The revised Energy Performance of Buildings Directive (EPBD) published in the Official Journal

The European Union has today published a major revision of its Energy Performance of Buildings Directive (EPBD) in the Official Journal, setting ambitious requirements for energy efficiency and smartness in buildings across the bloc. This is a significant step towards a decarbonised and digitalised building sector in the EU.

Key Changes:

  • Expanded Building Automation and Control Systems (BACS) requirements:
    • The scope of mandatory BACS installation in non-residential buildings will be expanded by the end of 2029, reducing the threshold of buildings covered to 70 kW of effective rated output (the existing threshold of 290 kW comes into effect at the end of this year).
    • Mandatory functionalities introduced for new and majorly renovated residential buildings by May 2026.
  • Focus on Indoor Environmental Quality (IEQ):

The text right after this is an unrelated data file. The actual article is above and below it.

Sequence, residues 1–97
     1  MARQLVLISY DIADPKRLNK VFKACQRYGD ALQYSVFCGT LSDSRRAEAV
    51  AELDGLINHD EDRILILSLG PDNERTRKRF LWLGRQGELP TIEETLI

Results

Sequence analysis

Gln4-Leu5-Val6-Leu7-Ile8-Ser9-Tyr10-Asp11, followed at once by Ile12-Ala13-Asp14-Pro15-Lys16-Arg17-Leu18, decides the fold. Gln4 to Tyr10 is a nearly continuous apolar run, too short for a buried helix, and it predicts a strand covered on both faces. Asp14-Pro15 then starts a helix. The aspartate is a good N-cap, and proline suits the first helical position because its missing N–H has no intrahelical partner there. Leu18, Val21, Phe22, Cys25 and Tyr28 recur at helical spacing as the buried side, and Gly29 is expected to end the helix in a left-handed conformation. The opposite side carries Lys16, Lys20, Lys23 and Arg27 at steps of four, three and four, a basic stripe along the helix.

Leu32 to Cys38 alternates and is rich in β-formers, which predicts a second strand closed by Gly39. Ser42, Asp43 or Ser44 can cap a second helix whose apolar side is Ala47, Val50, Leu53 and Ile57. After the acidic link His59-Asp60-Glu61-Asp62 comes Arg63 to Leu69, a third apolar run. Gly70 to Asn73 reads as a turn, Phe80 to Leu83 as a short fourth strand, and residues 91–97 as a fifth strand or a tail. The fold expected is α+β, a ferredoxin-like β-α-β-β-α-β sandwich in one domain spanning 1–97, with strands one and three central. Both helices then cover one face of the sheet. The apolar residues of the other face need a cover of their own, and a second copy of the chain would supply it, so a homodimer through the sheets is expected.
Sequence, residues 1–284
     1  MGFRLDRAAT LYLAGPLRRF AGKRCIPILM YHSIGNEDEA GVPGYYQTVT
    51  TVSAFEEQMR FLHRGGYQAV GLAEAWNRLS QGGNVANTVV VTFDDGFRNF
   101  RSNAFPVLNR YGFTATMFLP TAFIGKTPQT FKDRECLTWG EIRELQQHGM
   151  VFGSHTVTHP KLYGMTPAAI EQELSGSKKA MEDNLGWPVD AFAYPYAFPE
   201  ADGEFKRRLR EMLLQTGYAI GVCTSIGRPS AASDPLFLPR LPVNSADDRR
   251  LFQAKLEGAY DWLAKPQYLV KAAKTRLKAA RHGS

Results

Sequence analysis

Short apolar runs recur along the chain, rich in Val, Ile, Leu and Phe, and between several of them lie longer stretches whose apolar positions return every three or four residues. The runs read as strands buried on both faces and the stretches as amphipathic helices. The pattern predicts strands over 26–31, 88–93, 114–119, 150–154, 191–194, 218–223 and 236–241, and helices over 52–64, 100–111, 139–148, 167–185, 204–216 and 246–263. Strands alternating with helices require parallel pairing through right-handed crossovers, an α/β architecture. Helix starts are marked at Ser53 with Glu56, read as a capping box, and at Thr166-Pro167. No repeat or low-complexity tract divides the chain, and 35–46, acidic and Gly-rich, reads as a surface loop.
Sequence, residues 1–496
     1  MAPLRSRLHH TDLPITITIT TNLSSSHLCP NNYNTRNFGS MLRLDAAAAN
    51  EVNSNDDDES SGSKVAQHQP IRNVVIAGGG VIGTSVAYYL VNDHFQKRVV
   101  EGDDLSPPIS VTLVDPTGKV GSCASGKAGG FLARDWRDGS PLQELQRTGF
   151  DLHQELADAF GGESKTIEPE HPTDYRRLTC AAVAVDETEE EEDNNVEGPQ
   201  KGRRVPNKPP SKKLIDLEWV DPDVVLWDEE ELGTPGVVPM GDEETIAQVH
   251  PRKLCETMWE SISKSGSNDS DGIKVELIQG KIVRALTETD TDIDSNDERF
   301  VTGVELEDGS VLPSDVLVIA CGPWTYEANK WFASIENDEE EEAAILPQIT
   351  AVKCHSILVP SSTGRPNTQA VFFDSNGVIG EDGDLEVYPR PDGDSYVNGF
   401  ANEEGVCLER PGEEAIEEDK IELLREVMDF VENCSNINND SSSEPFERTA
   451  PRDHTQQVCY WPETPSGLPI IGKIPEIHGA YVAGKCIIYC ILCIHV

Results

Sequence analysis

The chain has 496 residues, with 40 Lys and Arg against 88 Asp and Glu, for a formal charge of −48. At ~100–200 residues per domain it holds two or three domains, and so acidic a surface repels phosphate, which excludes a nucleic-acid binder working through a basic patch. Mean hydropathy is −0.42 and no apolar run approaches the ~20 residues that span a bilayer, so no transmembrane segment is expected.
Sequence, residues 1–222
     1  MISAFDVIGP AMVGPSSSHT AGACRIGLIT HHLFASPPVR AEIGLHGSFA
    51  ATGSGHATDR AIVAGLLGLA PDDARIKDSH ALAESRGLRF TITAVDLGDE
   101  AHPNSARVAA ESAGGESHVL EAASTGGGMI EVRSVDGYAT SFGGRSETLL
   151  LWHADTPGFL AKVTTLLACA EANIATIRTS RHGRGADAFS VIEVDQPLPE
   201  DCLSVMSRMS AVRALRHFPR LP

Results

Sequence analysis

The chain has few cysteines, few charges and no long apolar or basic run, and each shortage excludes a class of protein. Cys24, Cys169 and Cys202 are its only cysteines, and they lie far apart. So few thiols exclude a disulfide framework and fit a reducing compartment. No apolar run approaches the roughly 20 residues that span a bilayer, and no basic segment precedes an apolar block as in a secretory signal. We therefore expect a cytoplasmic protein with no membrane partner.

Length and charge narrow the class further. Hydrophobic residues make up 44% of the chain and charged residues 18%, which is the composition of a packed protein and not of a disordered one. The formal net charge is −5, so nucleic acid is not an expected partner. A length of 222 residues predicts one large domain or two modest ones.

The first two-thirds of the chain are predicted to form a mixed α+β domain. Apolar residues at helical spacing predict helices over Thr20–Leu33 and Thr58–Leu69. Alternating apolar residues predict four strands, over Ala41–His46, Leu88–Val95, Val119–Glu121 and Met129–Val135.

• For the first time, the EPBD defines and mandates member states to set standards for healthy indoor air quality.
    • Smart technologies are recognised as crucial for effective IEQ monitoring and reporting through the extension of BACS capabilities.
  • Smart Readiness Indicator (SRI):
    • The European Commission is to report on the SRI testing by June 2026 and prepare a delegated act mandating SRI application in large non-residential buildings by June 2027
  • Hydronic Balancing:
    • New buildings and those replacing their heat or cooling generators must also implement self-regulating temperature controls and hydronic balancing

Benefits and Next Steps:

The revised EPBD marks a significant step towards a smart and efficient building sector across the European Union. These new regulations, with a transposition deadline of May 29th, 2026, for member states, hold immense potential for reducing energy consumption, improving occupant well-being, and paving the way for a green and digital future.

eu.bac is committed to providing comprehensive support to member states in implementing these changes. We are working on developing guidelines, checklists, and studies to equip member states and stakeholders with the necessary knowledge and tools. Through this collaborative effort, the EU can unlock the full potential of the revised EPBD and create a more sustainable built environment for generations to come.